Nev. Secretary of State addresses Churchill dinner

Nevada Secretary of State Cisco Aguilar, left, speaks to former governor and U.S. Sen. Richard Bryan at Churchill County Democrats Sawyer-Bryan Dinner on May 6.

Nevada Secretary of State Cisco Aguilar, left, speaks to former governor and U.S. Sen. Richard Bryan at Churchill County Democrats Sawyer-Bryan Dinner on May 6.
Photo by Steve Ranson.

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Nevada’s Secretary of State and the chairman of the Rural Caucus headlined this year’s Churchill County Democrats’ Sawyer-Bryan Dinner at the Fallon Convention Center.

The dinner and silent auction featured Cisco Aguilar, who was elected Secretary of State in November to succeed the termed-out Republican Barbara Cegavske. The dinner was held on May 6 for the first time since 2019, but during the past two years, the local Democrats sponsored a picnic.

The dinner is named for former Gov. Grant Sawyer, who served from 1959-1967, and former attorney general, governor and U.S. Sen. Richard Bryan who held statewide offices from 1979 to 2001.

Churchill County Chair Scott Tudehope welcomed this year’s guests and introduced the officers of the local central committee.

Aguilar, the keynote speaker, posted a close win in November over Republican Jim Marchant. Aguilar attended the University of Arizona where he earned a bachelor’s degree in finance and accounting, a master’s in business administration and a law degree. Aguilar said he was a special counsel to Jim Rogers, chancellor of the Nevada System of Higher Education, and also general counsel for the Andre Agassi Foundation for Education. Former Govs. Jim Gibbons and Brian Sandoval both appointed Aguilar to the Nevada Athletic Commission.

Aguilar said the campaign for secretary of state was his first in seeking public office. He gave an overview of his career and the influence his family had with his education, especially his father, who was involved with the mining industry’s labor unions.

Aguilar said he’s implementing a $30 million voter registration system that will be the same for the state’s 17 counties. Aguilar added the new system will be able to track every ballot.

“I will protect universal mail-in ballots,” Aguilar said, adding a majority of Nevada’s voters cast mail ballots.

Aguilar then drew applause when he announced the introduction of a bill that will make it a crime to harass election officials and workers in Nevada. He also commended Cegavske for maintaining the integrity of the Secretary of State’s office.

Aaron Sims, chairman of the Nevada Rural Caucus, encouraged local Democrats to become involved with the next election. He said one important statewide office up for re-election is for U.S. Senate, which is held by Jacky Rosen.

Sims, whose family moved to Gardnerville in 2003, said he first grew an early appreciation for public service after attending city council meetings with his father. At age 16, he managed his first campaign for a candidate seeking county commission. In November, he lost the State Senate District 16 race to Republican Lisa Krasner.

According to his biography, he has been affiliated with many organizations including the Carson City Democratic Central Committee, the Washoe County Democratic Central Committee, the Nevada Democratic Party, Forward Nevada and the Sierra Club.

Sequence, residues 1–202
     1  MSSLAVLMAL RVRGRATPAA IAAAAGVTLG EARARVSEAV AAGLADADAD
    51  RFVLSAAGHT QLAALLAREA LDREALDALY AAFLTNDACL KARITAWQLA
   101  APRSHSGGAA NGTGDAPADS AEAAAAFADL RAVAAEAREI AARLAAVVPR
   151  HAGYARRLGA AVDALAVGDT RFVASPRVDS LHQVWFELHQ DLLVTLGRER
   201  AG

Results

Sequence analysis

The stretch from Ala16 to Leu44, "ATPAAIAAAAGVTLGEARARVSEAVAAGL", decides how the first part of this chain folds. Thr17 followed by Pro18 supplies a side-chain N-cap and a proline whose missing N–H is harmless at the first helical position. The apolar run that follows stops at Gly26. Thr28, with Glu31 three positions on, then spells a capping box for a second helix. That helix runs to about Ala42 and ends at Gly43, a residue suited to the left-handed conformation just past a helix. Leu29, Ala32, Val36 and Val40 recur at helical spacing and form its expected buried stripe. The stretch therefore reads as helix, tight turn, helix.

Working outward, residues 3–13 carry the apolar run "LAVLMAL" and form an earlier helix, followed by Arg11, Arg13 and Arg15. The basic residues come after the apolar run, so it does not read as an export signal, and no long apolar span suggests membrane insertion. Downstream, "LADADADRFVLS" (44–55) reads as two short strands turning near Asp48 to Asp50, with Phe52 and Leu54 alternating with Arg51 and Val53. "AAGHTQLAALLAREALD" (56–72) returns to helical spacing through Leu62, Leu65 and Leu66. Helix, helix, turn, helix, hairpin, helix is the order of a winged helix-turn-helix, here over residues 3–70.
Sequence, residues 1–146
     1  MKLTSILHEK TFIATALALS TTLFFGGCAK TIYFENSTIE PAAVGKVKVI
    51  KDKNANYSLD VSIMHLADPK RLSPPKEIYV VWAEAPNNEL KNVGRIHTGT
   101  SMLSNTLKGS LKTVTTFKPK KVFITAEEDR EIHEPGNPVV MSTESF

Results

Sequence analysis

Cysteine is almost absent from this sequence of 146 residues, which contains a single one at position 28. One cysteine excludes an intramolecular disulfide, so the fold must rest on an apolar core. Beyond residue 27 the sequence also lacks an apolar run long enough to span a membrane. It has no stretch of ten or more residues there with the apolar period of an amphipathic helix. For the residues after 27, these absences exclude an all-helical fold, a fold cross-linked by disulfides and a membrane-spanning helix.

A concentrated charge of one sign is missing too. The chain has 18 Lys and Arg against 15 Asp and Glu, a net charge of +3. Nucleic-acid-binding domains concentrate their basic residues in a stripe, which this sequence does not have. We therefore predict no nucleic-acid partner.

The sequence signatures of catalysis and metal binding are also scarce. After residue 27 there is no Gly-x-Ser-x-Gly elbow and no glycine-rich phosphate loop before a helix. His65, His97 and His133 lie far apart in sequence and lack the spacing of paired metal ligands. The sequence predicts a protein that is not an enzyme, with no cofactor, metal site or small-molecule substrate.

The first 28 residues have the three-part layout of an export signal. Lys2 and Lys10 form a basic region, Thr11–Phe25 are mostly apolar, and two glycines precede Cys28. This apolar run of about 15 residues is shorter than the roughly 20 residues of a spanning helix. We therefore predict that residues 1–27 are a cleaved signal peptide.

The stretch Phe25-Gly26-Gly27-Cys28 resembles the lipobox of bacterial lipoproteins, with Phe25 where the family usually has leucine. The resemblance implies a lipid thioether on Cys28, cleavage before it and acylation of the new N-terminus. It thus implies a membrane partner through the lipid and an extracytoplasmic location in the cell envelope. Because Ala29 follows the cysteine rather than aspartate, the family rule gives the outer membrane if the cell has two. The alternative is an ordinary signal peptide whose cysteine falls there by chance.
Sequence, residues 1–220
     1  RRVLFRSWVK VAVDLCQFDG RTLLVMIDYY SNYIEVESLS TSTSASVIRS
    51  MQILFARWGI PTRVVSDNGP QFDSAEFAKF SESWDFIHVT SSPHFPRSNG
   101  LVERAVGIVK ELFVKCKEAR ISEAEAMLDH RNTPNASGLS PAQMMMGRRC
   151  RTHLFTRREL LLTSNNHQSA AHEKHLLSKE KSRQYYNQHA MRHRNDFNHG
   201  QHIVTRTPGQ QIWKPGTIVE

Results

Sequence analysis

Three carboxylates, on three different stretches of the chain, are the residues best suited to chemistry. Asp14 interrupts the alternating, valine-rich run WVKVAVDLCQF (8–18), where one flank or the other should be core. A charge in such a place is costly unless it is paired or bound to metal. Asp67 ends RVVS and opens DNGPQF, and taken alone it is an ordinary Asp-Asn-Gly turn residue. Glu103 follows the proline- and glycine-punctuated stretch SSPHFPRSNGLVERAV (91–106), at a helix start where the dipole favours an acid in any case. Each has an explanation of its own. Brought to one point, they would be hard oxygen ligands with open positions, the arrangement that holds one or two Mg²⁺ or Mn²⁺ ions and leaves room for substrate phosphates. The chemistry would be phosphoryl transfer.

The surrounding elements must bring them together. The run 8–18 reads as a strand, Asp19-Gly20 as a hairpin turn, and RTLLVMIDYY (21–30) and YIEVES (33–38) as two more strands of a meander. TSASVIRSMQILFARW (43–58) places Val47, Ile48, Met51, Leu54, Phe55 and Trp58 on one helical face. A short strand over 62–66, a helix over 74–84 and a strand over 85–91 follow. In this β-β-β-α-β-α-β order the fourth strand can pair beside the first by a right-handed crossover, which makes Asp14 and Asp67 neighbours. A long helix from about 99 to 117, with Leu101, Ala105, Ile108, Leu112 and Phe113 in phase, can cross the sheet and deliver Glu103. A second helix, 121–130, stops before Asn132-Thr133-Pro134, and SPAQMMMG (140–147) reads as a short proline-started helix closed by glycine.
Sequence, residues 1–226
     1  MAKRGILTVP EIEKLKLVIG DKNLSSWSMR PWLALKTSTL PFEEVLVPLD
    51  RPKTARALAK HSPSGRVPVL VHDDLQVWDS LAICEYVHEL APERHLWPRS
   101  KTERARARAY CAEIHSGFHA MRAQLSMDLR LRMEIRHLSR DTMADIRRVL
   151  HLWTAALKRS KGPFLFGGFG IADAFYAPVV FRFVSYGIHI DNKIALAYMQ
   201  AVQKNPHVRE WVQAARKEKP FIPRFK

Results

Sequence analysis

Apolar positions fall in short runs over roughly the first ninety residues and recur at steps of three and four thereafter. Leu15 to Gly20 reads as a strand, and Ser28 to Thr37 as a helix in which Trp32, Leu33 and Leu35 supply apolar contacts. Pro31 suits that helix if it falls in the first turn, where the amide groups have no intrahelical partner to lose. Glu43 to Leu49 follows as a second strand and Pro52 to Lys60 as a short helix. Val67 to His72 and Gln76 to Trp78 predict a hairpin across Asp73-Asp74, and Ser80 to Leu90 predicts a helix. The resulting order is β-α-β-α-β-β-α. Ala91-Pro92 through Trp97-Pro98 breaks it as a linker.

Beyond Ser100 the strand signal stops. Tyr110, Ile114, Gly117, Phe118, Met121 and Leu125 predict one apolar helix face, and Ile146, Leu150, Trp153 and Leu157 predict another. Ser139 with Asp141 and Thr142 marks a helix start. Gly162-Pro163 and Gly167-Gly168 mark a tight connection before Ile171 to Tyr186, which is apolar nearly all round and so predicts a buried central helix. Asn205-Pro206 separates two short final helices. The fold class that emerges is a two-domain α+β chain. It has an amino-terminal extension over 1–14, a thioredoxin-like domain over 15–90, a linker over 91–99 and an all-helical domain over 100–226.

“It is so nice to be in a room with Democrats … so many friends,” he said in his opening remarks.

Sims said he has met many people during his trips across Nevada and has noted a common trait among the people.

“We love (the) party, we love our communities, we love our state and love our country, and we care about everything going on,” he said.

Sims said he was thrilled to meet Bryan, calling him one of the most personable people one would ever meet. He said the former governor and senator provided tremendous leadership in the 1980s and 1990s.

Referring to the U.S. Senate office held by Catherine Cortez Masto, he said half of the state’s constitutional offices and the U.S. congressional seats in Southern Nevada are held by Democrats. Additionally, the Democrats are the majority party in the state Assembly and Senate. Sims said the state has many good and strong Democrats governing the state.

Kate Marshall, former state treasurer and lieutenant governor, said Democrats must do everything possible to ensure a Rosen win. She said the party must be unified to re-elect the first-term senator.

Bryan has been the main speaker at several Churchill County Democrat dinners and remains as one of the Democratic Party’s most popular standard bearers. He easily won election and re-election as governor, and defeated incumbent Chic Hecht for Senate in 1988 and won re-election in 1994. In 2000, Bryan announced his retirement and said he wanted to return home to the Silver State.

Bryan, who also gave a shout out to Fallon Mayor Ken Tedford, said he has attended many functions and dinners during his political career and in retirement. The former senator gave some insight into the late Sawyer and his political history.

Bryan’s remarks turned to politicians who can work together. He mentioned the bipartisanship he found in state politics and said Carl Dodge, a Republican lawmaker from Churchill County, was the author of the collective bargaining act for teachers and public officials in Nevada. He said Republican Assemblyman Virgil Getto and his counterpart, Democrat Joe Dini of Yerington, worked well together.

“They did great work. I think it’s possible to rekindle that bipartisanship,” Bryan said to applause.


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